CHICAGO – The issue of gender identity, especially for those who are born with a vagueness as to what to call themselves between/beyond boy and girl, has come front and center in the U.S., both with the legalization of gay marriage and the callous repudiation of identity by trying to pass laws dismissing it (the North Carolina “bathroom” laws). The performance companies of The Living Canvas and Nothing Without a Company is currently staging “[Trans]formation,” which presents gender identity art by six performers, who perform most of the play in the nude.
TV Review: CBS Has Another Likely Hit in ‘Mom’
CHICAGO – CBS must have a whole wing of their headquarters dedicated to Chuck Lorre. Why not? He paid for it. He has been such a key part of their success over the last decade that it’s hard to think of any network-creator relationship that’s been more financially notable. “Two and a Half Men,” “The Big Bang Theory,” “Mike & Molly” — all winners of acting Emmys and at least the first two stand among the most popular comedies of their era. Can he do it again with “Mom,” premiering tonight, September 23, 2013? Don’t bet against him.
Television Rating: 3.0/5.0
Like so many shows this year, “Mom” was clearly designed around its stars. How can we get Anna Faris the comedy vehicle she should have been on years ago and how can we get Allison Janney back to TV? In an era of high-concept, welcome to the old-fashioned “Mom,” a show for which the depth of its ingenuity is pretty much right there in the title. Faris plays Christy; Janney plays Bonnie, her mom. It writes itself.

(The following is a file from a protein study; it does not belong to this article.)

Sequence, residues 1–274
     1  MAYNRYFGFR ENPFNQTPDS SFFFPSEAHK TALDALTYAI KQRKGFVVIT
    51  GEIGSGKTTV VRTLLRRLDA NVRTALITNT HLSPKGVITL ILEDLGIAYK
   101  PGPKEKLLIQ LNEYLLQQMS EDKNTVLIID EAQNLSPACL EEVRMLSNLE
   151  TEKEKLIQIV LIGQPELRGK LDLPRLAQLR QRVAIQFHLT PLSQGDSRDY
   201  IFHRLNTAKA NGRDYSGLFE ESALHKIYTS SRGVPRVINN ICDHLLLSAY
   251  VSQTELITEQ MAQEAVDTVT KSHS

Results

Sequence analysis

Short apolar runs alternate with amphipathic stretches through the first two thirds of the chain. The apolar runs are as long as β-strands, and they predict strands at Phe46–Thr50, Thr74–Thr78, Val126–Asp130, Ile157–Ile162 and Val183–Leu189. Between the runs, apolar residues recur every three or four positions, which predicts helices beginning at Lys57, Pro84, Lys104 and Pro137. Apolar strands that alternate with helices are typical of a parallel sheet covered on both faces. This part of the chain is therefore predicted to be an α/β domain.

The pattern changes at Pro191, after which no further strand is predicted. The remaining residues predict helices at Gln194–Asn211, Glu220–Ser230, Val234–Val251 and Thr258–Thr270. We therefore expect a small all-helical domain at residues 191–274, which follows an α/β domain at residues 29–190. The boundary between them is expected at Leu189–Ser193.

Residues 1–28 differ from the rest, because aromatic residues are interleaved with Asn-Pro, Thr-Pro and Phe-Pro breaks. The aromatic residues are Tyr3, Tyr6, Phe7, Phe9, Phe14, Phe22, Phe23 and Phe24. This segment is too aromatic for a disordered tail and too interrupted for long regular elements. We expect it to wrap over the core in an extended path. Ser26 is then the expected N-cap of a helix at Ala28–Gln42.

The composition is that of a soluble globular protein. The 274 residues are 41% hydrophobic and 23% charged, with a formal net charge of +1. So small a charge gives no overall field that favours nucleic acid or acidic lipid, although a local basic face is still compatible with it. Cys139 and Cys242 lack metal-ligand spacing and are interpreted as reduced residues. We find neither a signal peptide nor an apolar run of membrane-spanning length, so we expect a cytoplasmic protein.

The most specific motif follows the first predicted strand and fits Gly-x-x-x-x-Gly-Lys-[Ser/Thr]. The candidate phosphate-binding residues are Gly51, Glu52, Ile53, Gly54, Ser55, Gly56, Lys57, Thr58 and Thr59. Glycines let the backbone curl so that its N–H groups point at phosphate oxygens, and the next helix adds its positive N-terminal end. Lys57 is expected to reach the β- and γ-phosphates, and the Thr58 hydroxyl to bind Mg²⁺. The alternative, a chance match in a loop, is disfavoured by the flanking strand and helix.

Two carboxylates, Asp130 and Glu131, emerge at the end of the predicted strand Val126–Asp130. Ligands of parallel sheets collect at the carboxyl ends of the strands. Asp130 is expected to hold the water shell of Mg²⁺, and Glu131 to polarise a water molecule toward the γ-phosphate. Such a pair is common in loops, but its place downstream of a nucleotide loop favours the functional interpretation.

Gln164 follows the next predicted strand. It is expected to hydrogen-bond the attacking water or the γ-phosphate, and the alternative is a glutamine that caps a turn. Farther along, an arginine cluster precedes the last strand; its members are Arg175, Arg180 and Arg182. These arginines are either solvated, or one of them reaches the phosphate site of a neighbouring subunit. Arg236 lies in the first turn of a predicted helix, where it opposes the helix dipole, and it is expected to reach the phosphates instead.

Photo credit: CBS
Well, sorta. While Faris and Janney save this comedy in ways that many of their new show brethren can’t (Sean Hayes, Tony Shalhoub, Seth Green, and Robin Williams can’t rescue their respective freshmen programs from disaster), one hopes the writing soon rises to the level of its stars. Especially for the first half of the series premiere of “Mom,” the jokes are stale and the characters are thin. Christy is the hard-working, recovering alcoholic just trying to make ends meet by waitressing at a fancy restaurant and providing for her teen daughter Violet (Sadie Calvano). She’s sleeping with her boss (Nate Corddry), dodging barbs from her restaurant’s Gordon Ramsay-esque chef (French Stewart), and trying not to let her ex (Matt Jones) ruin her life.
Into Christy’s already-stressed life drops her relatively estranged mother Bonnie. Filled with a mental library of passive-aggressive comments, Bonnie challenges her daughter’s volatile world and sobriety even further. The verbal volleying between Christy and Bonnie is easily the reason to watch “Mom” at least at the beginning. The supporting cast is uninteresting and cliched but when Janney & Faris get going? It reminds one of how good they can be with the right material. There’s one scene in a restaurant in the premiere that’s one of the best sitcom moments of the new year. And, in this incredibly lackluster year of new prorgams, one great scene is good enough. Let’s hope Lorre gives us a few more before “Mom“‘s run is over. If his incredible streak continues, it could be a decade before that day comes.